Suddenly, my birth experience went from beautiful to traumatic. It was fast; only lasting 4 minutes from the time the on call doctor arrived to the time my baby was born via instrument delivery. It was however 4 minutes of my life I’ll never forget. How could I forget the physical trauma or how people made me feel with their comments, looks, attitude and energy? A moment that stands out to me is when I was first physically restrained my eyes start darting around the room as I searched for someone to reassure me I'd be ok and there I found my Doula. Somehow her eyes still calm and her support still there even amongst the chaos. The feeling of helplessness and loss of control was painful for me and unfair for my doula and husband. When the Dr entered the room for the first time I looked up at the Dr and said, “please don’t cut me” to which she responded, “I’m not playing with you” just as she purposely tore my perineum with her hands. The only other thing I remember her saying was, “DON’T TOUCH” as I reached for my daughter just after her birth. The trauma and separation effected my feelings toward my newborn and my daughter and I had a slow time bonding afterwards, but we are inseparable now and she is a healthy and happy toddler.
Why Does My Birth Story Matter?
Every birth matters. Each mother's unique birth story profoundly transforms her with memories that will be carried with her forever.
My story is relevant to you, because now you know that I have been there too. I've felt the same mixture of excitement and worry and I've seen the best and the worst. I know first hand how beautiful birth can be when you feel in control, surrounded by love and supported by your birth team. Yet I also know all too well how it feels to lose control and be treated without dignity and respect. I know how it feels to be proud of yourself for laboring unmedicated, but to also wonder why you weren't enough. The painful self-doubt that can overshadow the beautiful birth of a new life by making you feel you weren't strong enough, powerful enough, special enough or even capable enough. Despite all doubts, know that YOU ARE ENOUGH. As women, we are ALL enough. I want to walk beside you and guide you as you find your power through your own birth story. At My Sunshine we believe all women deserve the right to labor in the environment they choose, surrounded by only those they choose to be there. Let me help you feel the freedom of removing fear through understanding and the comfort that comes with knowing that you’re ready even for the unexpected.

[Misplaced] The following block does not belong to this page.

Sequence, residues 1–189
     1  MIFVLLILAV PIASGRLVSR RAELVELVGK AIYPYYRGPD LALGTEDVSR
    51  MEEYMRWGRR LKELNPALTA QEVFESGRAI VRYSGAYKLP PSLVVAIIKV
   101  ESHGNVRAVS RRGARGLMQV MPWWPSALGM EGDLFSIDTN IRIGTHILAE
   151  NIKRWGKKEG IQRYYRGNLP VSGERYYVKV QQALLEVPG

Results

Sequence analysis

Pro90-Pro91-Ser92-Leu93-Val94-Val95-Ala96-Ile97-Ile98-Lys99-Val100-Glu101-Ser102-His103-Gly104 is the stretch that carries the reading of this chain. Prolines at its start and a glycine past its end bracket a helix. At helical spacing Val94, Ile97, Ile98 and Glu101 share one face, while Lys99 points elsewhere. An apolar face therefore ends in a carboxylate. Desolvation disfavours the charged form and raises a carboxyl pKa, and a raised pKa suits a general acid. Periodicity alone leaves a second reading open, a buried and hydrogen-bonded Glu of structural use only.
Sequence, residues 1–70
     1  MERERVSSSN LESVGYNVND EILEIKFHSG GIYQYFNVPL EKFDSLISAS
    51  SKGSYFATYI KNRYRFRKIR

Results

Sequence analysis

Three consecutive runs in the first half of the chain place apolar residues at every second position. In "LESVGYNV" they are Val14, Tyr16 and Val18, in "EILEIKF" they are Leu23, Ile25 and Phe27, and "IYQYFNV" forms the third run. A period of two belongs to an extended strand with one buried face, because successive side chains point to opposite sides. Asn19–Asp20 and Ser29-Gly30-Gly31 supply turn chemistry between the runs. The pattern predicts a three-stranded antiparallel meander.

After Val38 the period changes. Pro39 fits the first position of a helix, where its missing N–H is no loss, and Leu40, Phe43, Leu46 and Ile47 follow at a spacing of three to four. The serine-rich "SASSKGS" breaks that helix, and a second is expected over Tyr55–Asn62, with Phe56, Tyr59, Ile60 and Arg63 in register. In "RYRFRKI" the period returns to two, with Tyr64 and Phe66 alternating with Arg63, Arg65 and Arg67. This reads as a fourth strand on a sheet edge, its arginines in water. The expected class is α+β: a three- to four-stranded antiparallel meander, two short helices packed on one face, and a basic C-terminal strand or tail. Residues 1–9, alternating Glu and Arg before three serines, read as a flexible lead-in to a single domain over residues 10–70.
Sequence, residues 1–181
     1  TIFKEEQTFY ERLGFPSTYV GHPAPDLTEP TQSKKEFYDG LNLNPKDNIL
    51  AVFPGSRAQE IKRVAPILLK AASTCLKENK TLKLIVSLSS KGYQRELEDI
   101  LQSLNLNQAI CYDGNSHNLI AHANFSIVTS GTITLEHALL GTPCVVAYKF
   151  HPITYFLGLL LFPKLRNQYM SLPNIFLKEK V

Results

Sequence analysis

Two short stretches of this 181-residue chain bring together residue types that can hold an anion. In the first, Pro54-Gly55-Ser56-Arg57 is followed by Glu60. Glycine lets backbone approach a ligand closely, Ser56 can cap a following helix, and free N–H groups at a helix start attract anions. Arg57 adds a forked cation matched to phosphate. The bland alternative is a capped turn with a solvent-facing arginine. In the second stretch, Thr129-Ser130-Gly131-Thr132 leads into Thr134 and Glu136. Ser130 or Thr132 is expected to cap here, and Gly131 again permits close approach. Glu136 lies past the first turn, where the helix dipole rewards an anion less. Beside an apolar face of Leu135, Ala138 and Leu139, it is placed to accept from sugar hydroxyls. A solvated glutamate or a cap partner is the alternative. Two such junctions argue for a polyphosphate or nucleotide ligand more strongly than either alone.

How My Story Made Me a Better Doula, Lamaze Childbirth Educator and Advocate.
My experience fueled my advocacy work in legislative matters concerning access to maternity care options and rights of childbearing women (Visit the Kentucky Home Birth Coalition website to see some of the work we are doing) and is the primary reason for starting My Sunshine Birth Services. I am better prepared to handle home births, hospital transfers and and planned hospital births relying on lessons from my own experience and training to guide me. In the end, my birth story made me a better doula & educator. I work hard to ensure all my home birth clients and students have hospital transfer plans, pre-packed hospital bags and every potential need planned just in case they must have medical intervention at the last minute. I also ensure partners have been trained to be able to respectfully communicate with care providers to implement steps that assist with alleviating tension upon arrival. I'm also working to create, maintain and grow a healthy relationship with the labor & delivery nurses in our area. I am happy to say since my birth story, I have had the pleasure of working alongside extremely compassionate and capable nurses, Doctors and Midwives. I have helped countless mothers enjoy a more positive transfer experience, be supported for unmedicated hospital births and have seen a great improvement in the outcome from the local delivering hospitals. There is still much work to be done and I am thankful to be able to advocate for the freedom of mothers across Kentucky and beyond.
This Atmosphere is changing.
We are seeing great strides in respectful care with more mothers choosing comprehensive childbirth education, care providers with respectful practices, hiring birth doulas, having fathers trained through Lamaze or Bradley to support them and communicate during birth and letting their truth be heard. Let's keep the conversation open and respectful and continuing building bridges to create change! If you are in Southern, Kentucky, the My Sunshine Birth Services Network is here to support you in planning and nurturing a positive birth experience (however that looks to you). In other areas of the world please seek out your local Doulas and Childbirth Educators for support.
Images: © Carrie Vrska Photography